IL divorce lawyerIf you are a parent who is considering divorce, you may have concerns about how financial issues and child custody concerns will be handled between the initial split and the conclusion of the divorce. Divorce cases, especially high asset divorces and those involving a high degree of conflict, can take several months or several years to resolve. You may be asking yourself, “How will I make ends meet without my spouse’s income during the divorce process?” or “How will parenting time and parental responsibilities be divided before the divorce is finalized?” One way to answer these questions is to petition the court for temporary relief orders.

Temporary Arrangements for Child Custody, Child Support, and Spousal Maintenance

A petition for temporary relief asks the court to issue temporary court orders regarding certain financial and child-related issues. You can ask for a temporary relief order at any time throughout the divorce process. The temporary relief may address issues related to:

  • Possession of the marital residence
  • Spousal maintenance (alimony)
  • The sale of marital property
  • Health insurance
  • Child custody
  • Child support

The directions contained in temporary orders only last until the divorce is finalized. These orders may be modified if a spouse experiences a “significant change in circumstances” that necessitates the modification. Temporary orders for child support and spousal maintenance have no impact on the final orders. It is very possible that the amount of child support or spousal maintenance awarded in the final judgment will differ from what was awarded in the temporary order. On the other hand, temporary child custody orders can influence the final decisions about the allocation of parental responsibilities and parenting time. This is because the court makes child custody decisions based on the best interests of the child. It is generally assumed that dramatically changing a child’s living situation only adds to his or her stress during divorce. Consequently, courts are inclined to consider the child’s living arrangements during the divorce when deciding post-divorce custody issues.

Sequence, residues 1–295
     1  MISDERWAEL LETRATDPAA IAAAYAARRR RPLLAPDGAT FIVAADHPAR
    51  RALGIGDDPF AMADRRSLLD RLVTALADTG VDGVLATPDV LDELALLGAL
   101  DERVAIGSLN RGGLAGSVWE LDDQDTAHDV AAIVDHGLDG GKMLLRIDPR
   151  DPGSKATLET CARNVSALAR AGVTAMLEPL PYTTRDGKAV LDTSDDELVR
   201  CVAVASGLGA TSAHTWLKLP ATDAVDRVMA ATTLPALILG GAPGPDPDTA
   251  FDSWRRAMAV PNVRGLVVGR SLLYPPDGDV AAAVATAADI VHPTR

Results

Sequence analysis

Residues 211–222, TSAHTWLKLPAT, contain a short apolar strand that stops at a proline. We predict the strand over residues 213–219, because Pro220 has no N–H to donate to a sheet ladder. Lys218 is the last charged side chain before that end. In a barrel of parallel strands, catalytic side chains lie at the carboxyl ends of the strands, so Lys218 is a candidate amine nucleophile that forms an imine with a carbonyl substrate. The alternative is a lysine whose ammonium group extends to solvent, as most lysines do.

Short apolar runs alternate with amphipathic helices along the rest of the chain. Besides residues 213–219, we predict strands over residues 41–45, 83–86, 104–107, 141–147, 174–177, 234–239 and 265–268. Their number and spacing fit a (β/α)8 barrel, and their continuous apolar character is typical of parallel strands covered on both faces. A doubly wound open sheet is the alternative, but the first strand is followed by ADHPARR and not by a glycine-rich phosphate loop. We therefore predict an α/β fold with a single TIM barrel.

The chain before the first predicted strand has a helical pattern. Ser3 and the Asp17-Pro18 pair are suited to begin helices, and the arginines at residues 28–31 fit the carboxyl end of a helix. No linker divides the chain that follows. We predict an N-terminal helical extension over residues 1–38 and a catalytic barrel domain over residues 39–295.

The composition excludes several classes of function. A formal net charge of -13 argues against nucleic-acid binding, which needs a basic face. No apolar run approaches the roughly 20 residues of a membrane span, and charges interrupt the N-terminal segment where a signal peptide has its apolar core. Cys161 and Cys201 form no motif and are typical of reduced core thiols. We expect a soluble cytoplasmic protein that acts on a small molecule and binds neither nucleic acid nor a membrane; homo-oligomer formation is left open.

Determining the Amount of Temporary Support to Be Awarded

Temporary orders for spousal maintenance and child support can provide a spouse with financial relief before any final decisions about maintenance and support are settled. When determining the amount of temporary relief that a spouse receives, the court will consider the incomes, assets, and needs of each party as well as the needs of the children. The court will review the spouses’ financial affidavits and parenting time arrangement and evaluate financial documents such as pay stubs, tax returns, and bank statements to determine fair and reasonable temporary support arrangements.

Contact a Kane County Divorce Lawyer

If you would like to learn more about temporary relief during your divorce or you have other divorce-related concerns, contact Shaw Family Law, P.C. Call our office at 630-584-5550 and schedule a free consultation with one of our skilled St. Charles divorce attorneys today.

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IL divorce lawyerDomestic violence affects millions of men and women across the country and throughout Illinois. Leaving an abusive partner takes a great deal of courage, but many former victims feel that leaving their abuser was the best decision they ever made. If you are planning to leave your abusive spouse, you may feel uncertain and afraid. You may not know what your rights are under Illinois law or how you can protect yourself during the divorce process. Read on to learn about some of the steps you can take to protect yourself, your children, your property, and your future when divorcing someone who has abused you.